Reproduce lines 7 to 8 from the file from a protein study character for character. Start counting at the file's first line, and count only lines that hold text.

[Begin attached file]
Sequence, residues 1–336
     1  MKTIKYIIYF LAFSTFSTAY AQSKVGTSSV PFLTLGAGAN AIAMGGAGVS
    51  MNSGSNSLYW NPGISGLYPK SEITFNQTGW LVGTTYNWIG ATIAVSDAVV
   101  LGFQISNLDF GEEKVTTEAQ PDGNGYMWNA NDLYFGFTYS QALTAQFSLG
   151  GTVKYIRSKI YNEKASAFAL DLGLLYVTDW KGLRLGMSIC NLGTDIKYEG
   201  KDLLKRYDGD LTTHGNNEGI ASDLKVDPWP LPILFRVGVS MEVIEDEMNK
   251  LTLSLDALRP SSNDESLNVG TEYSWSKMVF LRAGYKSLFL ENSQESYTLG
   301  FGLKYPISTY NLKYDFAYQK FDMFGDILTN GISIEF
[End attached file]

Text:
   251  LTLSLDALRP SSNDESLNVG TEYSWSKMVF LRAGYKSLFL ENSQESYTLG
   301  FGLKYPISTY NLKYDFAYQK FDMFGDILTN GISIEF